Victims cannot recover compensation simply because they successfully proved the healthcare provider was negligent. To recover compensation, they must be able to show that they were injured as a direct result of the healthcare provider’s negligence. For example, let’s say you were misdiagnosed as a result of a doctor’s failure to order the appropriate tests. But, you decided to get a second opinion from another doctor who ordered the appropriate tests and made the correct diagnosis. Because you went to another doctor, the first doctor’s mistake did not cause you harm. Therefore, you would not be entitled to compensation for the doctor’s negligence.

The Impact of Age on Medical Malpractice Claims

Victims of any age could suffer at the hands of a negligent healthcare provider. All victims have the right to file a medical malpractice claim, but it’s important to understand how your age could affect your case.

Your age could affect the amount of compensation you are awarded in a medical malpractice case. Why? Many medical malpractice victims are awarded damages for lost wages, which means they are compensated for income they have lost as a result of their injuries. Victims can also be compensated for income they expect to lose in the future due to the injuries. Since many older victims are retired, they cannot claim they have lost income because of their injuries. Older victims who are not retired quite yet are still closer to retirement than younger victims, which means they will not be awarded as much for their future lost wages either.

This is not the only way age can affect a medical malpractice claim. Healthcare providers who are accused of medical malpractice could argue that the victim was only hurt because of their age, not because of a medical error.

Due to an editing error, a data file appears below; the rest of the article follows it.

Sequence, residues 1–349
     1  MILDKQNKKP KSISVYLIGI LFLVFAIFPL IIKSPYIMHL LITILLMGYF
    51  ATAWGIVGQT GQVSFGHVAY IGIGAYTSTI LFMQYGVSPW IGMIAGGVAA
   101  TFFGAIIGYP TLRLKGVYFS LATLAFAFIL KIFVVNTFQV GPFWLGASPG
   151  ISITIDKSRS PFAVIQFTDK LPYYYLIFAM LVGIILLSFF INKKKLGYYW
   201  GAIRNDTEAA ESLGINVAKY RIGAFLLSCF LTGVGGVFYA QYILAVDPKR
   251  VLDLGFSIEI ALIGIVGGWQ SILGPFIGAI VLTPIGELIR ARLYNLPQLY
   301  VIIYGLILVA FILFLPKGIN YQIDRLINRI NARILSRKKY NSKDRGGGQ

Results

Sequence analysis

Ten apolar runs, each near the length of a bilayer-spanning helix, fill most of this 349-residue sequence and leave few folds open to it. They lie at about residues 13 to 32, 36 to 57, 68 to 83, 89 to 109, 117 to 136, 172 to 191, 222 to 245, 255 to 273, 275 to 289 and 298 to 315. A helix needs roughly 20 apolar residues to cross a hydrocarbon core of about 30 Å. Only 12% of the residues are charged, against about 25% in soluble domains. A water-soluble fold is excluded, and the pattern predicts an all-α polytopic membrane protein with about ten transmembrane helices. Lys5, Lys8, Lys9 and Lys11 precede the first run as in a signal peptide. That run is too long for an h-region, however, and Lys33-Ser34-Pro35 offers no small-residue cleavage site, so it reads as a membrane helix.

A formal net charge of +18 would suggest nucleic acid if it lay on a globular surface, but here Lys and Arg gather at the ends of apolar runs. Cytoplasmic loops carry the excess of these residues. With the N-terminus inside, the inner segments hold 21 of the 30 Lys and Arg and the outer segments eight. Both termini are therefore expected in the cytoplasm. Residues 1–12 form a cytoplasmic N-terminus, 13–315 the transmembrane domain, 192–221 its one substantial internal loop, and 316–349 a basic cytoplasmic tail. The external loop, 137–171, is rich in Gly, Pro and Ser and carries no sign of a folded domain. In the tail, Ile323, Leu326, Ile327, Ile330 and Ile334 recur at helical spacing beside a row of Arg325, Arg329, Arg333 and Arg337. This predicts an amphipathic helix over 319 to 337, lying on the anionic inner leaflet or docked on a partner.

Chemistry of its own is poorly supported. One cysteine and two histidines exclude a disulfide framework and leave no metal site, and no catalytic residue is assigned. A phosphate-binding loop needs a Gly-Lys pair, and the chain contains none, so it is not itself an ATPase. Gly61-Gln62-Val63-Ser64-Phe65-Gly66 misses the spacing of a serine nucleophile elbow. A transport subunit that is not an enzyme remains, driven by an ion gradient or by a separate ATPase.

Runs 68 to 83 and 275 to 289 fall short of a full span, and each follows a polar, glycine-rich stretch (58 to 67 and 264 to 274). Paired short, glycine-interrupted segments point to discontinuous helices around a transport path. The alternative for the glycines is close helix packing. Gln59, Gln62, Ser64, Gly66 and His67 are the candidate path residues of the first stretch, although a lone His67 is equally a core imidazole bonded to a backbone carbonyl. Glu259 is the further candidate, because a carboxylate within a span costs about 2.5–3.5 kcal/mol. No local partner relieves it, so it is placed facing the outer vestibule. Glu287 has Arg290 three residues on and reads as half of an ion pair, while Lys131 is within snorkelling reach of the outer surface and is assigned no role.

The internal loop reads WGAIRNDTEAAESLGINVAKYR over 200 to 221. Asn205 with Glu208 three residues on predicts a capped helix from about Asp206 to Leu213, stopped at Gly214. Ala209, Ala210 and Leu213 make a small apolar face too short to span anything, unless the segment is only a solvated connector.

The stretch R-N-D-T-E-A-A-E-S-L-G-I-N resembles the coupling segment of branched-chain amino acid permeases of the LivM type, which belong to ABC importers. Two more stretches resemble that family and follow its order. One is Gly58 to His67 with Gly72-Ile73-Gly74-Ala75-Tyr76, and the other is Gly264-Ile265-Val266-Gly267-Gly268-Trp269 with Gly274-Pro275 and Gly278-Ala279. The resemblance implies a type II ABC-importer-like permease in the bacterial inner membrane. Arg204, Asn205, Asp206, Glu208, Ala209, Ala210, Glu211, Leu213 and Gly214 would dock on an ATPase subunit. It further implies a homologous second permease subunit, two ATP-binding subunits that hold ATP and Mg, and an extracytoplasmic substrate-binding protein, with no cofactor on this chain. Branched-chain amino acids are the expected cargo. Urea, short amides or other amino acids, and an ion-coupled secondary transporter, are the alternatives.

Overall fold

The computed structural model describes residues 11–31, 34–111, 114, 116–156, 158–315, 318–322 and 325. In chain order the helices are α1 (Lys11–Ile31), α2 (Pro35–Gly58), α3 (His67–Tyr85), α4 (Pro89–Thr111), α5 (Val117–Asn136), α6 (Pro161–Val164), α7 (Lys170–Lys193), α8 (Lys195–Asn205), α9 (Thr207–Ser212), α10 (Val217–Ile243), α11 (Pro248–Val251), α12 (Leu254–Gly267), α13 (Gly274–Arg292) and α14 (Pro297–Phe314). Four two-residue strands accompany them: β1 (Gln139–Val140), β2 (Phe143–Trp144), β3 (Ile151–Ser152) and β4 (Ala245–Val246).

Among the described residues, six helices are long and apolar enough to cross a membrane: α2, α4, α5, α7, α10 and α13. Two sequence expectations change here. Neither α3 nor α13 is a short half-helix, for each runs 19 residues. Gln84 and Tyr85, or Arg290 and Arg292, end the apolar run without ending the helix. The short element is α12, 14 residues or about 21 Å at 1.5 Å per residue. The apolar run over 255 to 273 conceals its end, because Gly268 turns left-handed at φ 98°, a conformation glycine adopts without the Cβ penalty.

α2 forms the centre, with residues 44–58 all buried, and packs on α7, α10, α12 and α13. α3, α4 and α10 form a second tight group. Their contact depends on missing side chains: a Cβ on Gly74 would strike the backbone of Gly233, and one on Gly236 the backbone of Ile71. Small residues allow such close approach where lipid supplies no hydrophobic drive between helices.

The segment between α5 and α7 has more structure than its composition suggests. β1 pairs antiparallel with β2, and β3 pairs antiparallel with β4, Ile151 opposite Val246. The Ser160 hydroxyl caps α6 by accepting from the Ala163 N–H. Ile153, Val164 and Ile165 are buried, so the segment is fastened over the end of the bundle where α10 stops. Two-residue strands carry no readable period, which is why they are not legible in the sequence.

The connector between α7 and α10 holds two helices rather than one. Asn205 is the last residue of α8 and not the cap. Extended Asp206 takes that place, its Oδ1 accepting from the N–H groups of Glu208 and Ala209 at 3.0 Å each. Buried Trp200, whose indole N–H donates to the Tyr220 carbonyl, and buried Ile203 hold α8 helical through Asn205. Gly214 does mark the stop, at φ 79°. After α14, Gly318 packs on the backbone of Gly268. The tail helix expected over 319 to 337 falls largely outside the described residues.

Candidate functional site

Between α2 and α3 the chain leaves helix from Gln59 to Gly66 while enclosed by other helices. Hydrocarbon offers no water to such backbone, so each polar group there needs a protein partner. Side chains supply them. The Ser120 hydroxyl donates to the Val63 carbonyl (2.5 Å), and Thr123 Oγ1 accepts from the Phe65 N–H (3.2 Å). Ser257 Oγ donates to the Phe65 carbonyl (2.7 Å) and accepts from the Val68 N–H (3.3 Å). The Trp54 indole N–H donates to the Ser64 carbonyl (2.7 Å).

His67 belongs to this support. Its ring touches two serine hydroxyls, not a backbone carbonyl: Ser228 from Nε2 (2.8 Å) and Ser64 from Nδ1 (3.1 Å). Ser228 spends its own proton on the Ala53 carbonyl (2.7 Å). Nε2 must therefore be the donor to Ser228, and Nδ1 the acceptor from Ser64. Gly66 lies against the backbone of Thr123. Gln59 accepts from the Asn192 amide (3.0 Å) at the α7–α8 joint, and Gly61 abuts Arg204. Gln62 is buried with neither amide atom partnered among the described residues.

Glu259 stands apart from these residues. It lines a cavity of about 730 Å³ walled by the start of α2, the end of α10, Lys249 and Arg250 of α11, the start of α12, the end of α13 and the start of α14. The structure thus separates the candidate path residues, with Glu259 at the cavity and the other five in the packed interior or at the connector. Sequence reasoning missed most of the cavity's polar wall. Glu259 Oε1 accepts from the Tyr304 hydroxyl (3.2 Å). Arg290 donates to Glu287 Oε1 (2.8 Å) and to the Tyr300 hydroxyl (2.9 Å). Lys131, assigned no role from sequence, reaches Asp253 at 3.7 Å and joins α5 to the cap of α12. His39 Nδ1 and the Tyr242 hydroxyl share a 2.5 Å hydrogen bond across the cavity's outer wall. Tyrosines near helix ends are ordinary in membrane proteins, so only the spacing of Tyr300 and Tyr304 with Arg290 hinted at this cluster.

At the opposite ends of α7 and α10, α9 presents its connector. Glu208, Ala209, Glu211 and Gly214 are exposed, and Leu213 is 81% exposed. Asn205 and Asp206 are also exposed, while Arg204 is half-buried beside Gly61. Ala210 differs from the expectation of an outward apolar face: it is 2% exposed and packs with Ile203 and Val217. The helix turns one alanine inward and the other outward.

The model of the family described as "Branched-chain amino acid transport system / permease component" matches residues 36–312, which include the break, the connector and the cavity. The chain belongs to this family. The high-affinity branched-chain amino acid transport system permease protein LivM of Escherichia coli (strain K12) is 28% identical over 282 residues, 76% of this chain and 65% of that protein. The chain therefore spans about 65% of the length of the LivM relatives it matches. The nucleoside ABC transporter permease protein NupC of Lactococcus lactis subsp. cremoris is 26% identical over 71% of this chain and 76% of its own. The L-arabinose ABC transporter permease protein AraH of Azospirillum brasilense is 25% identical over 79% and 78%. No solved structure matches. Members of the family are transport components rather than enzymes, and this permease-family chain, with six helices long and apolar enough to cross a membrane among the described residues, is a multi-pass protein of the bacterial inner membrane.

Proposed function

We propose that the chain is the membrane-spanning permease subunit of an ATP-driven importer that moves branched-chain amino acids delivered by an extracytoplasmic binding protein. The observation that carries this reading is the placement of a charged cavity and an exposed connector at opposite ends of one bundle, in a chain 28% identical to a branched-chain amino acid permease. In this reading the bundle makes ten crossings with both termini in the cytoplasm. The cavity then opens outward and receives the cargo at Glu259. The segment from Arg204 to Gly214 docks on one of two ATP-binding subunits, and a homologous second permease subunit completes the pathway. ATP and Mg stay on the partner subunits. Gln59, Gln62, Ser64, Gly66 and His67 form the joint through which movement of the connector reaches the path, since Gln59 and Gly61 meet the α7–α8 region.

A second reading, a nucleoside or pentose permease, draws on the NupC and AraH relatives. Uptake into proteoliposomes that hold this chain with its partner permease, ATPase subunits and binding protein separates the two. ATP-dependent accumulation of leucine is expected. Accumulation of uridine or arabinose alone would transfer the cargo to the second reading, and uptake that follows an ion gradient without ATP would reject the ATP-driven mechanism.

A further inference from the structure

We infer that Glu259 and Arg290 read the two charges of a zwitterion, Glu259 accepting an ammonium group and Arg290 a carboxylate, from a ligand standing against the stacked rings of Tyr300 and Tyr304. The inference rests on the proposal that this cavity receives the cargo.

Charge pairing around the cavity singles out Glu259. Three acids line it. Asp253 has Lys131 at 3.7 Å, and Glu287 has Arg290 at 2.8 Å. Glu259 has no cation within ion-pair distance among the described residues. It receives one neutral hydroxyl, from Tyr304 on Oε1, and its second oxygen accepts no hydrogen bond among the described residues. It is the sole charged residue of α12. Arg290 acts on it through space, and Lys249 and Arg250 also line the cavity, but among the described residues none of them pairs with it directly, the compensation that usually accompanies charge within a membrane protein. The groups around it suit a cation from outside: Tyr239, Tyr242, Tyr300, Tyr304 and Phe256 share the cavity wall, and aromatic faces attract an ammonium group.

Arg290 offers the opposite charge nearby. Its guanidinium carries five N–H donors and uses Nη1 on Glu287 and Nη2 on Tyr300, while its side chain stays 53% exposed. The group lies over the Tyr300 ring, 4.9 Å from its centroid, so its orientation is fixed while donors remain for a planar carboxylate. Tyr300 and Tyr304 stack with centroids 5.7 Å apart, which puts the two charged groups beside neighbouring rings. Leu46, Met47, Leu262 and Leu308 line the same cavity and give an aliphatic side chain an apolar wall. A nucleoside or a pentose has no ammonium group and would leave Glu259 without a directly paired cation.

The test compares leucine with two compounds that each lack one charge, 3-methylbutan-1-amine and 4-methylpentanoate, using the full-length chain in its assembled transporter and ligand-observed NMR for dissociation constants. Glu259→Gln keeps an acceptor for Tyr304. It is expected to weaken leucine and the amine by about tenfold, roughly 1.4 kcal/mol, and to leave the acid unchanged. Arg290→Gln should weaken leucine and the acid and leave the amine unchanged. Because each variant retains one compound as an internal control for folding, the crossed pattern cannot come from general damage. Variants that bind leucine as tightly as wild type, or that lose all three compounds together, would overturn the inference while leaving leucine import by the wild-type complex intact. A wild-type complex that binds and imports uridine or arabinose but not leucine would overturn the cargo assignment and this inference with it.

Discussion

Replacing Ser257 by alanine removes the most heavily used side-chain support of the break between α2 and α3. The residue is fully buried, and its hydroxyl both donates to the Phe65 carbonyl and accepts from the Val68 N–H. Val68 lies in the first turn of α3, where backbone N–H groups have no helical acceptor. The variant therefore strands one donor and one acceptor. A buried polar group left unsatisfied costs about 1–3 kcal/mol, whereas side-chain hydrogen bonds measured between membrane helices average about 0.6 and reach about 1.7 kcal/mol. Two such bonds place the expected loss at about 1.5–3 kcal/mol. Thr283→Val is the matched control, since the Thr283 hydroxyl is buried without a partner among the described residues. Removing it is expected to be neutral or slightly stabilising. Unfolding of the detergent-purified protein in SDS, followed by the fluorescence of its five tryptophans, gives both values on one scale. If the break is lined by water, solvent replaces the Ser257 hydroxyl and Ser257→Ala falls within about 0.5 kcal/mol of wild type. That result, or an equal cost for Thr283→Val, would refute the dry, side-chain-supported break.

For example, say an older adult suffers complications while undergoing a surgical procedure. The victim files a medical malpractice lawsuit against the surgeon for failing to prevent the complications. In court, the surgeon could argue that older adults are at a greater risk of complications than younger adults. Therefore, the argument could be made that the complications occurred as a result of the victim’s age, not the surgeon’s negligence. This defense is not always successful, but if it is, it could be used to deny the victim compensation.

There’s no doubt that age affects medical malpractice cases. But, this does not mean that older adults should feel as if they do not have the right to file a medical malpractice lawsuit. It is possible for older adults to recover compensation in this type of case, but they must work with an experienced attorney.

If you have been injured by a negligent healthcare provider, seek legal representation as soon as possible. Contact Carpenter & Zuckerman today to schedule a free consultation with our experienced personal injury lawyers. Let our compassionate attorneys fight for the compensation you deserve for your injuries.